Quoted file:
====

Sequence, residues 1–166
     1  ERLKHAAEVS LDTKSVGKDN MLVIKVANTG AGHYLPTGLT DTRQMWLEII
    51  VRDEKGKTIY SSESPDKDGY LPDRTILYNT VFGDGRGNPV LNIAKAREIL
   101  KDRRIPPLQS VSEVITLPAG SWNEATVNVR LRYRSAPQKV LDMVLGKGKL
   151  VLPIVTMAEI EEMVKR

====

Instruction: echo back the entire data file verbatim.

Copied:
Sequence, residues 1–166
     1  ERLKHAAEVS LDTKSVGKDN MLVIKVANTG AGHYLPTGLT DTRQMWLEII
    51  VRDEKGKTIY SSESPDKDGY LPDRTILYNT VFGDGRGNPV LNIAKAREIL
   101  KDRRIPPLQS VSEVITLPAG SWNEATVNVR LRYRSAPQKV LDMVLGKGKL
   151  VLPIVTMAEI EEMVKR